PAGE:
In May, we began talking bullishly about European stocks and put a position on for select accounts. As Buffett said about his recent European stock buys, the news hadn’t gotten better but the prices sure had.
The valuations were absurdly low relative to what investors are paying for the US and Japan. Price to earnings ratios – on both a trailing-12 months basis and cyclically adjusted over ten years – are substantially lower for Euro stocks than for their US counterparts. At the same time, dividend yields in Europe are significantly higher.
In addition, you’d have to leave earth to find a more hated asset class. Everyone’s underweight Europe – they think it’s the “conservative” thing to do while they chase the Russell 2000 at 20 times earnings. Meanwhile it’s the largest economy on earth – 760 million people in 48 countries producing $16 trillion in GDP.
Doesn’t matter, no one wants it at any price. And this is the key – because sentiment explains a lot of the move we’ve had in the S&P 500. Multiple expansion is a symptom of improving emotional attitudes and perceptions. It’s been a main ingredient for our domestic rally in recent years. By this spring, sentiment around European stocks had turned from pitch black to an apathetic shade of gray. The whole geography left for dead.
But Buffett was buying and so were we and a small handful of other forward-thinking pros were doing the same. Byron Wein’s been writing positively about the European stock market in his letter to Blackstone clients (see: The Smartest Man is Bullish on Europe). Russ Koesterich has become lukewarm to the idea from his perch at BlackRock (although not yet committal). WisdomTree managed to get two funds out the door – HEDJ, which is the hedged-euro, long equity thing like what they’ve done for Japan. They also just launched a dedicated United Kingdom one (long British stocks, short the pound).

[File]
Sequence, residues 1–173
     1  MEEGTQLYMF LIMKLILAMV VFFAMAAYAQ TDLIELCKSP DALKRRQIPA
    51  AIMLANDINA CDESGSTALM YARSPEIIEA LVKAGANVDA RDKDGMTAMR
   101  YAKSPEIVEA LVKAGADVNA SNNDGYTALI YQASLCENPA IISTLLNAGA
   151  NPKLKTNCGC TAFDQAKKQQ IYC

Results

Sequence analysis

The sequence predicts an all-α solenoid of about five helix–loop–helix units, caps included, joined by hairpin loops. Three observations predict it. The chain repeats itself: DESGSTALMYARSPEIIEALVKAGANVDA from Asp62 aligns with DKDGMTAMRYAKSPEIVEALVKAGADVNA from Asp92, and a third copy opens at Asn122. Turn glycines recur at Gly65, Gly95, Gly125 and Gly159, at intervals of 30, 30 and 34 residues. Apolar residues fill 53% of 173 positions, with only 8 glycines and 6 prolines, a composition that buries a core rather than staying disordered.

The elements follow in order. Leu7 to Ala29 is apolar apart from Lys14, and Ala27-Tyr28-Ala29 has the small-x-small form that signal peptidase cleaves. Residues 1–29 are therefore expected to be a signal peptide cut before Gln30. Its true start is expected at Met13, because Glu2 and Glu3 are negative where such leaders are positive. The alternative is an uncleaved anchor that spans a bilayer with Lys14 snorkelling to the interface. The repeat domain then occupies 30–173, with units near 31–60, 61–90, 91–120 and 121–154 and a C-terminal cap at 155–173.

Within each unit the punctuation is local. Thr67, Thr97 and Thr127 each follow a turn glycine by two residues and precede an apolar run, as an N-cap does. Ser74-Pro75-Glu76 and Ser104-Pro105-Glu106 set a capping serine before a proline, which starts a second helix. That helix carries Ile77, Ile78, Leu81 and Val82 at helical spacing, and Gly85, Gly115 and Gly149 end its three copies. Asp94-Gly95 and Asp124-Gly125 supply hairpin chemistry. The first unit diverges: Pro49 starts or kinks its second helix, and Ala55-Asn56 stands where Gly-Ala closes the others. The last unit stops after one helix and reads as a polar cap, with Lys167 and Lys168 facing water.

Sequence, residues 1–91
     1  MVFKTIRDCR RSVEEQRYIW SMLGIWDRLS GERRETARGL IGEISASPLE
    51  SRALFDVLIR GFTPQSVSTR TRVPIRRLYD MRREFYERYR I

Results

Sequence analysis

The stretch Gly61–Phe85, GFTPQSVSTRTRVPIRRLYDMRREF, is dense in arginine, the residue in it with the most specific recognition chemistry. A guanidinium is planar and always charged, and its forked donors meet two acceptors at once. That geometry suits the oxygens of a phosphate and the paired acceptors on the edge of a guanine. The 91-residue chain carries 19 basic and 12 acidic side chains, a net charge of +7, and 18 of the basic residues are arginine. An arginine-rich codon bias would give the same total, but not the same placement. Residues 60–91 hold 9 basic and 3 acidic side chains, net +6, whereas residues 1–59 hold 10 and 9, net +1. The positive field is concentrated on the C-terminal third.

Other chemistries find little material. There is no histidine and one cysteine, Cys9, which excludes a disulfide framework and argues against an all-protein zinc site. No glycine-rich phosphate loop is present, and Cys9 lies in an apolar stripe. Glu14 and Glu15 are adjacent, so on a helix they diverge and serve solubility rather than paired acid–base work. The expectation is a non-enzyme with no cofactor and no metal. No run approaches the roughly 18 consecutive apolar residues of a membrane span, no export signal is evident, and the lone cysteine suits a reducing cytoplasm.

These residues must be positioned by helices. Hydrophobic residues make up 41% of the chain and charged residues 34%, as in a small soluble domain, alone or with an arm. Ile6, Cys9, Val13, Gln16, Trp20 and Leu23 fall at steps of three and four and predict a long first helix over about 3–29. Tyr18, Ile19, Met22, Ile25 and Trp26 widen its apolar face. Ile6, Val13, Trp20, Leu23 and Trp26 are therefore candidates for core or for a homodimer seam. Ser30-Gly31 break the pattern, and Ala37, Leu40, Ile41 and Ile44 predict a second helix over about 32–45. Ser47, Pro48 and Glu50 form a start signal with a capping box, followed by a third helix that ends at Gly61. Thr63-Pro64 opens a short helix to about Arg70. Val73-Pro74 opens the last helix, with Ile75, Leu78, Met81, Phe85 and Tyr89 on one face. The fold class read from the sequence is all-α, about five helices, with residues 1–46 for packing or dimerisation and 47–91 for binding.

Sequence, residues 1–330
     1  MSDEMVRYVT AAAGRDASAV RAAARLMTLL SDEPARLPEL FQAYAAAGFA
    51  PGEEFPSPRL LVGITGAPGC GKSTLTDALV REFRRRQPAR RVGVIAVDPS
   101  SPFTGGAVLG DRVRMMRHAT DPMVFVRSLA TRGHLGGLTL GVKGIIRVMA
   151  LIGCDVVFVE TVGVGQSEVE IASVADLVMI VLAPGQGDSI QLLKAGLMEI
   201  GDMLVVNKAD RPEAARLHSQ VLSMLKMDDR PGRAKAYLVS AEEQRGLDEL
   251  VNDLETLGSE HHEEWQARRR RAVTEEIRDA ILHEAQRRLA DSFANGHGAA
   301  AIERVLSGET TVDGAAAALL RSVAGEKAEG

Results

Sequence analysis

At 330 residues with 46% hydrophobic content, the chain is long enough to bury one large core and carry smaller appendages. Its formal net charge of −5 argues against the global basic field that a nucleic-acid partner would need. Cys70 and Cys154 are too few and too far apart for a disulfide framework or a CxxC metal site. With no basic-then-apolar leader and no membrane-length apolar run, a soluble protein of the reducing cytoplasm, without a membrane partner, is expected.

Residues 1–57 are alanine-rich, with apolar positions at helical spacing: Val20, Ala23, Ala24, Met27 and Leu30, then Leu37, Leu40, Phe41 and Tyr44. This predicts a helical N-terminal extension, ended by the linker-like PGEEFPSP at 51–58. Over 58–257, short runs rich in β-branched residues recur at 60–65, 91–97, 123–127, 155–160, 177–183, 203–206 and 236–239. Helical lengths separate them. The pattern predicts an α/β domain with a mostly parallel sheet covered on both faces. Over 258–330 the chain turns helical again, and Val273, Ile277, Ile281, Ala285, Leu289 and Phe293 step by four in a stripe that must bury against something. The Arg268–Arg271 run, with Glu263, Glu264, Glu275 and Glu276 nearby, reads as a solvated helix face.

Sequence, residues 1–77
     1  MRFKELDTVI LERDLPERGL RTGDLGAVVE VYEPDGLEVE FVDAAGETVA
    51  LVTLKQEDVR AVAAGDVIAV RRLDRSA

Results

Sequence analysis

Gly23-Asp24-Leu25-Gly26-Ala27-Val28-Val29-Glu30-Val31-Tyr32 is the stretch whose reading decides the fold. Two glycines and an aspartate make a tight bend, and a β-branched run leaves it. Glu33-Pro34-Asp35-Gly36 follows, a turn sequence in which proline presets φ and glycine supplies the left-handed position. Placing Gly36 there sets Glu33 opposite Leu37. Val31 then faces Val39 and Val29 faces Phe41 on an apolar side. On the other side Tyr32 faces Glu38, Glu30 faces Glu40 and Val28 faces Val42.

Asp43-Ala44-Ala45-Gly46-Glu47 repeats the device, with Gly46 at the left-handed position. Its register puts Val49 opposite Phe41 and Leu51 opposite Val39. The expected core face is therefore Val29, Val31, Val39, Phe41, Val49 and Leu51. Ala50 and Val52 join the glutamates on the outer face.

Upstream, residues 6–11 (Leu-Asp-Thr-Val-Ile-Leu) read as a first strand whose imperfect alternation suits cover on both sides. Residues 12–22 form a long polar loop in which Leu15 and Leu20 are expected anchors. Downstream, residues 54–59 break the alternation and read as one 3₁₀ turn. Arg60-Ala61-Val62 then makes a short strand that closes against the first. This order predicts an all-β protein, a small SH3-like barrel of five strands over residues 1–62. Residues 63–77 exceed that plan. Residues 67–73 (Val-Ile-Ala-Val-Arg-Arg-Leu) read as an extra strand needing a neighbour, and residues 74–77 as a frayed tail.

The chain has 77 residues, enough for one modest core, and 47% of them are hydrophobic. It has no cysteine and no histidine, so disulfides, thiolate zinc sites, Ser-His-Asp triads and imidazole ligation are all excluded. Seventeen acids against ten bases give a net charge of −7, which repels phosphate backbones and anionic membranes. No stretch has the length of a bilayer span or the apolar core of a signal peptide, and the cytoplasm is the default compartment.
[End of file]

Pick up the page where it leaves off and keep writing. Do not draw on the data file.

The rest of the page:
I mentioned the Europe bet on TV a few times and got all kinds of incredulous looks. A producer asked if I was joking.
Its too early to say how early we were (or are) just yet. The economy is still contracting even though recent data (consumer confidence, bank earnings, manufacturing sentiment) is showing improvement. Our assumption was that things would get worse before they got better (affording us chances to buy dips), but that you had to plant a flag. It’s been a performance drag on our more aggressive accounts as US stocks have just absolutely gone berserk – but this is the way the game works.
And now….now everyone wants in on the action.
I’ll give you two things to consider this evening…
First, the positives: My friend Cardiff Garcia points to the Euro Positivity having become the new hotness this past week:
An early trickle of cautiously hopeful research notes about Europe’s economic situation has become a monsoon the past week.
It follows the not-atrocious PMI and bank lending surveys, the ECB collateral rule changes meant to shift more credit towards the SMEs, the expectations-beating Spanish unemployment numbers, and a few other data points.
We excerpt at length from some of the best below…
And here’s the negative, via Jeff Kleintop at LPL Financial.
Jeff points out that some of the more recent improvements are only skin-deep (Jeff, your graphics department is amazing!):
Bottom line, this is not an easy trade to make. The headlines still suck and could get worse during the ramp-up to the German elections in September. We already know that Merkel will say whatever she has to in order to placate the hardliners, but that afterwards her stance toward austerity will probably soften. However…should the Northern Europeans re-commit to their harsh, failed policies and keep pushing around with Greece, you’ll know the trade is wrong.
Let me emphasize that no one should read anything written here (or anywhere else) and start making investments for themselves. Do your own research, consider your own circumstances and risk tolerance and be the boss of your own affairs.
Be careful with Europe – there’s not a field on the entire continent that doesn’t have a mass grave full of soldiers or plague victims beneath it.